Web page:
What Exactly Just Happened? Lakers-Celtics Game Four Thoughts

BOSTON - JUNE 10: Glen Davis #11 of the Boston Celtics is helped up from the court during Game Four of the 2010 NBA Finals against the Los Angeles Lakers on June 10, 2010 at TD Garden in Boston, Massachusetts. NOTE TO USER: User expressly acknowledges and agrees that, by downloading and/or using this Photograph, user is consenting to the terms and conditions of the Getty Images License Agreement. (Photo by Ronald Martinez/Getty Images)

Did the Lakers just get beaten almost exclusively by the likes of Glen 'Big Baby' Davis and Nate 'Cheerleader' Robinson? Did the Lakers just effectively choke, for the second time this series? Someone care to explain this to me? Unfortunately, I don't think even the Lakers themselves would be able to explain what exactly happened in that fourth quarter of Game Four. You can't remember something when you were essentially unconscious while the event was unfolding, after all.

Through the first three quarters of this Game Four, the Lakers executed better on the offensive end, simply by virtue of making shots while the Boston Celtics missed, and matched the Celtics on the defensive end. With the l evel of ugliness the Celtics were at offensively, in that period, one would not be remiss to expect a double-digit Laker lead, but alas it was not to be. A combination of Laker turnovers and Celtic offensive rebounds, as highlighted beautifully by C.A. in his piece earlier today, kept the Celtics in the game until they could finally push through. The Celtics were only down by two before the start of the fourth, and then a group of rested, energetic and simply desperate reserves blew the combination of tired Laker starters and incompetent Laker reserves out of the water.

Give the Celtics a lot of credit. As I stated in my preview of Game Fourthis game was to go to whatever team wanted it more, was more willing to fight for it. And on both counts, the Celtics prevailed. They played hard and physical, hustled and fought. Despite being far shorter than the Lakers, they outrebounded them 46-37. Despite being far older, they held the edge in fast break points 15 to 2. They had 12 steals to the Lakers' six. They won all the hustle stats.

The Lakers need to stop trying the 'get everyone involved' cliche and start feeding the hot hand. Quite simply, it's impossible to get everyone on this Laker team involved, they're just too airheaded. Shannon Brown thinks with his legs, Lamar Odom is smoking something and Ron Artest is downright crazy. And, somehow, 'getting everyone involved' always end up with those three taking a number of terrible shots. Partially because defenses want these guys to shoot, partially because these guys just like shooting; but consequentially it kills the offense even more than riding the hot hand does.

In the third quarter, Kobe Bryant finally decided to get himself involved a bit and dropped five threes in the period, along with some other tough shots, prompting the commentators to suggest that he could potentially break Ray Allen's record for threes in a half/game. Then what happened? The quarter ended, the team went into a huddle, and when they came back out the team left Kobe to chill on the weakside while Odom and Fisher tried playing Mamba. Kobe would make the initial pass to get the offense started, and then invariably the ball would only ever work its way back to him if there was less than four seconds left on the clock, otherwise the possession would end in a downright stupid shot by someone else. This left Kobe totally out of rhythm for the closing minutes, up until the Lakers FINALLY decided to let him try winning the game, when it was already too late.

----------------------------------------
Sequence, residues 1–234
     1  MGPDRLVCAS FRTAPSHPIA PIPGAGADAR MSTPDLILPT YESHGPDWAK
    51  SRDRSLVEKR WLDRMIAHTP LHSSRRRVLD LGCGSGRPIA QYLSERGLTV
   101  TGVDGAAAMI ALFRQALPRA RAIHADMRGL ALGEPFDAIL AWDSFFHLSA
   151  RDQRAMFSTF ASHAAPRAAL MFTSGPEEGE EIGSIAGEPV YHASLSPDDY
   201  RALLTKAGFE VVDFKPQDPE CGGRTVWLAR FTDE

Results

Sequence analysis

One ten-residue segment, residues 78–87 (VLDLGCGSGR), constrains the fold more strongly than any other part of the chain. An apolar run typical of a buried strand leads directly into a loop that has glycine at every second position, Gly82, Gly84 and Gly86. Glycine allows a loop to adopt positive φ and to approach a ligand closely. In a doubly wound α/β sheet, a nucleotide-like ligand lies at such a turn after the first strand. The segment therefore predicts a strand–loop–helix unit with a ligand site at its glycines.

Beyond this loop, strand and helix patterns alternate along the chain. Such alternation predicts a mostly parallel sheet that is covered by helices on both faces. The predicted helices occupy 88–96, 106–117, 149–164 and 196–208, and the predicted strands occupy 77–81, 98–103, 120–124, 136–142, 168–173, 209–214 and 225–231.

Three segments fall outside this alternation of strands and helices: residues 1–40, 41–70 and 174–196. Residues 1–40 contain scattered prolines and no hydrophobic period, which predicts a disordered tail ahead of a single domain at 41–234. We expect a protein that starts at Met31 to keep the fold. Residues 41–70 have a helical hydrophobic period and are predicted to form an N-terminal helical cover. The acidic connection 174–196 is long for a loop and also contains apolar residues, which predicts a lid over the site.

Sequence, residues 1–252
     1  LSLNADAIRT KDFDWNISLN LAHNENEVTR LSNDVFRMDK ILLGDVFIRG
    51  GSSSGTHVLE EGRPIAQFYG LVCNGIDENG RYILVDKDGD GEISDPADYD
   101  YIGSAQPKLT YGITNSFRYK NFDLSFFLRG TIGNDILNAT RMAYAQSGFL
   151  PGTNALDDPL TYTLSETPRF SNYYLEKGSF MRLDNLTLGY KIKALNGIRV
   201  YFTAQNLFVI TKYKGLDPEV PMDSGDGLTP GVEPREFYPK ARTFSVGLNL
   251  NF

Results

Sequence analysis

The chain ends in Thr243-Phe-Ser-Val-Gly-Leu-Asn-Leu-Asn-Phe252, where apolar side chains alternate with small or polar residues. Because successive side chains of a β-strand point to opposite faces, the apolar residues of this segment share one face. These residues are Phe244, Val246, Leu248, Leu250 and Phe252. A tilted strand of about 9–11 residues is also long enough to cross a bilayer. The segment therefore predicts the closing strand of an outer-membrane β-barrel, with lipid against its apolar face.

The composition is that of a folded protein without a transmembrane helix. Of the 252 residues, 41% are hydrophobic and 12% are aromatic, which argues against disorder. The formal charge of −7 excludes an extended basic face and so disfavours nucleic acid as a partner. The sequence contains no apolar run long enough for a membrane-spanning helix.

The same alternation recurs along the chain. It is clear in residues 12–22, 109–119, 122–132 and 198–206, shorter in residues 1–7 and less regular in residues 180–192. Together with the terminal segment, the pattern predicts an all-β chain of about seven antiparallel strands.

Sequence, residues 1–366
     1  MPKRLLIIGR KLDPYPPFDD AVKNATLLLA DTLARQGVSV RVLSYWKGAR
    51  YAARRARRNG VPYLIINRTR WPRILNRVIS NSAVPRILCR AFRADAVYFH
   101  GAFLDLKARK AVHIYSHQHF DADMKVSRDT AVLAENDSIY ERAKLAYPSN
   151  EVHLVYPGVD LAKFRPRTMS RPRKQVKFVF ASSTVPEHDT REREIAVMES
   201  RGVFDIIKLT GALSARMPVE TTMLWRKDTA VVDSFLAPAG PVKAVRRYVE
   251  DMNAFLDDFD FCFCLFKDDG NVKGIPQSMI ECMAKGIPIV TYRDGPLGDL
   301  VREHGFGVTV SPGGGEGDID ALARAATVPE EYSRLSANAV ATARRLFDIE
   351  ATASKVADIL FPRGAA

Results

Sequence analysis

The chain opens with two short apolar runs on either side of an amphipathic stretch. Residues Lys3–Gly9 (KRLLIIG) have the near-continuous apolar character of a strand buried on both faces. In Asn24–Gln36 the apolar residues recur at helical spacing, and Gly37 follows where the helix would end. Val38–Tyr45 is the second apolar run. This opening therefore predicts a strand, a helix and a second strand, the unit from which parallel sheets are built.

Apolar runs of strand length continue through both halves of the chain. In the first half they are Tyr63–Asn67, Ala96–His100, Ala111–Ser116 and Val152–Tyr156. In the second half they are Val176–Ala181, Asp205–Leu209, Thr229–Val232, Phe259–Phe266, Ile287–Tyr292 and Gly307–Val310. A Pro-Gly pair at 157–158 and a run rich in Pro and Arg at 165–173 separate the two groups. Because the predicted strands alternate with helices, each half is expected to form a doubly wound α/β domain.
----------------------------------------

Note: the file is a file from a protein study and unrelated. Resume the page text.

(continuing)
Also on the note of Kobe, he needs to be more decisive in his action while driving. Often, he would fake, drive in, only to realise he had no idea what he was doing and make a rushed pass out of the trap, resulting in several of his seven turnovers. He needs to take it aggressively to the hoop, or pull up earlier out and take the jump shot. Some of this is on his teammates for not moving to the correct positions to help him out, but Kobe needs to recognise that he doesn't have the speed to blow by whole teams with utter ease like he used to be capable of, and that the Celtics are a good enough defensive team to effectively trap him on his drives. He needs to adapt.

Really, I don't even know what offense the Lakers were running. The ball wasn't going inside enough for it to be the Triangle, and there were no screens involved, let alone a screen-and-roll. Whatever it was, it was ugly.

Speaking of going inside, forcing the ball inside to Pau Gasol while he's defended by Rasheed Wallace isn't really a good idea. Pau's figured out KG, and Perk still gives him some issues but Pau can negate that by taking him off the dribble; but Sheed straight-up harasses Pau. Pau is left to take exceptionally tough shots over Sheed's length, or to try and create off the dribble and often turn the ball over. I'd take Kobe on Allen over Pau on Sheed any day of the week.

This is also one of the areas where Andrew Bynum comes in. With Bynum in the game, Pau gets a significant number of minutes being defended by the likes of Glen Davis and Kevin Garnett, favourable matchups both. When Bynum is not in the game, Pau is often defended by Rasheed and Kendrick Perkins, both of whom are known to give Pau problems, primarily due to their strength, physicality and defensive instinct, but also in Rasheed's case his length.

Quite simply, the Lakers NEED Bynum to be healthy. There are numerous reasons for this, all of them crucial to LA's title hopes. Primarily, without Drew, Pau will die of exhaustion before this series ends. Pau's been playing 43 minutes a game this series, often playing the whole second half, and his exhaustion is tangible in fourth, or even earlier. I remember one instance late in the third where Pau Gasol's exhaustion was obvious in how he plodded down the floor whilst KG sprinted in for the dunk, and at that point I was begging Phil to put in Drew for Pau. Of course, Phil put in Drew for Odom instead, leaving Pau to suffer, but I'm beyond questioning Phil's decisions - that path can only lead to clinical insanity.